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What is the standard practice if I can no longer find students that contributed to a paper that we would like to publish now? The students contributed data, but obviously had nothing to do with writing the paper. Still, I feel that they deserve authorship. I can no longer find a current email address for them. Should I put them only in the acknowledgements section?

  • Have you tried asking their former universities alumni program? (I suspect they are not students anymore, otherwise it shouldn't be too hard to find them.) – skymningen Jul 7 '17 at 6:53
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This is a tricky one! Since some venues may require each author to sign over copyright, it complicates matters above and beyond the ethical question of what is right.

If you feel they deserve authorship, you should IMHO make a good faith effort to find them (web search, ask the university for contact info, etc). But in the end, if you can't find someone and they contributed data but not writing the paper, I see no way you can include them as an author. An acknowledgment would be appropriate.

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    I agree with this answer that the best you can do is to do your best to track them down. Also of note is that only contributing data might not be sufficient for authorship (expectations can vary a bit with field), especially if that's their only contribution. Ideally you would invite them to work on the paper with you to reach the authorship requirement, but if they can't be found their contributions may be more appropriate as an acknowledgement anyways. – Bryan Krause Jul 6 '17 at 19:04
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    @BryanKrause, good point, this may vary by field or even not be widely accepted and standardized within a field. For instance, I once had a colleague who said that people who did implementation work that led to a paper should be coauthors. I said essentially what you did: that they were involved and should be invited to coauthor but if they never actually worked on the paper, I didn't see them as coauthors. Here, I was trying not to pass judgment on the OP's claim they deserved authorship, and only saying if they never see the paper, hard to be an author. – Fred Douglis Jul 6 '17 at 19:09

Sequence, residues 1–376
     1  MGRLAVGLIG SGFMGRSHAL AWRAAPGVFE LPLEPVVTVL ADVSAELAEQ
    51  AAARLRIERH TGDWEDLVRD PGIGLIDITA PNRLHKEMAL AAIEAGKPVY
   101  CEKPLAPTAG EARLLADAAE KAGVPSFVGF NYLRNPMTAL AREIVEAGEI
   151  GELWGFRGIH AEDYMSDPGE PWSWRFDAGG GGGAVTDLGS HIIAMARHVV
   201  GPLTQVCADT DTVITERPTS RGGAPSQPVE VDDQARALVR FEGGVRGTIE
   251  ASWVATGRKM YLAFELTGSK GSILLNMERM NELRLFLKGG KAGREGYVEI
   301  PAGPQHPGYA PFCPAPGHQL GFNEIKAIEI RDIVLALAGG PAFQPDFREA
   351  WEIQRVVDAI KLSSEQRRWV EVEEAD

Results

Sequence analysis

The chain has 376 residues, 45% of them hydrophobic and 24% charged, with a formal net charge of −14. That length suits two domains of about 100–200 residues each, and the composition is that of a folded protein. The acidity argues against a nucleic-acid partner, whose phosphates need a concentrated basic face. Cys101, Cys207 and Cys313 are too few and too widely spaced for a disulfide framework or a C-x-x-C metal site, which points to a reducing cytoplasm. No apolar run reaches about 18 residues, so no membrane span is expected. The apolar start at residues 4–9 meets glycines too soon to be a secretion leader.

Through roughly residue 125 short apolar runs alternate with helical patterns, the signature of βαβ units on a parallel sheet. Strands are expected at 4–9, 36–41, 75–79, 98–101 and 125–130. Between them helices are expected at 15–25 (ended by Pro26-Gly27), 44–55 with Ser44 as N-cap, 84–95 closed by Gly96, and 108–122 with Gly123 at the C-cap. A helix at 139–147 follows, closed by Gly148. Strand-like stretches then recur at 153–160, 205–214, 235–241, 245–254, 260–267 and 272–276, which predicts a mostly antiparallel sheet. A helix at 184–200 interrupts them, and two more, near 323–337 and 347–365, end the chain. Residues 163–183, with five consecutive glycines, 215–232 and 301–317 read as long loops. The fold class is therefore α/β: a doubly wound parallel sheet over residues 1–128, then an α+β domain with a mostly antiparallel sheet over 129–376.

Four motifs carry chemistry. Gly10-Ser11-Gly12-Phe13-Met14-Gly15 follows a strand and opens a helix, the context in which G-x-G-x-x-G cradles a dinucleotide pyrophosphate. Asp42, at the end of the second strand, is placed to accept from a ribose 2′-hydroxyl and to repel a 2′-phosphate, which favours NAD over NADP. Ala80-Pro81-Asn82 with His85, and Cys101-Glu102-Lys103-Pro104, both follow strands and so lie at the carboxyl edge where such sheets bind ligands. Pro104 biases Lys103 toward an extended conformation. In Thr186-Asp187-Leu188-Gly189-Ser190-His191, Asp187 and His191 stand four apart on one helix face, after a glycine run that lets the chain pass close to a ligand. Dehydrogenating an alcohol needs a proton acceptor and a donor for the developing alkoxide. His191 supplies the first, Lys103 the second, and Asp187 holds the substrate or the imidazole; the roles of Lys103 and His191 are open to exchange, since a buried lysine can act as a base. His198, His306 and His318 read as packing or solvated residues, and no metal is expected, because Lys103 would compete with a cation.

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    Yeah, it isn't always necessary to have worked on the paper to be an author in my judgment, either (though they must at least approve of it), but there must be some intellectual contribution besides technical support (which includes programming, data collection, etc). The main intent of my comment is that, if OP cannot find these contributors, OP may not need to feel guilty about only recognizing their work as an acknowledgment. – Bryan Krause Jul 6 '17 at 19:12
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    It's actually... not a tricky one. If the person complains that you didn't include them as an author, you tell them that it would've been illegal to sign over their copyright on their behalf. End of story. – user541686 Jul 7 '17 at 7:02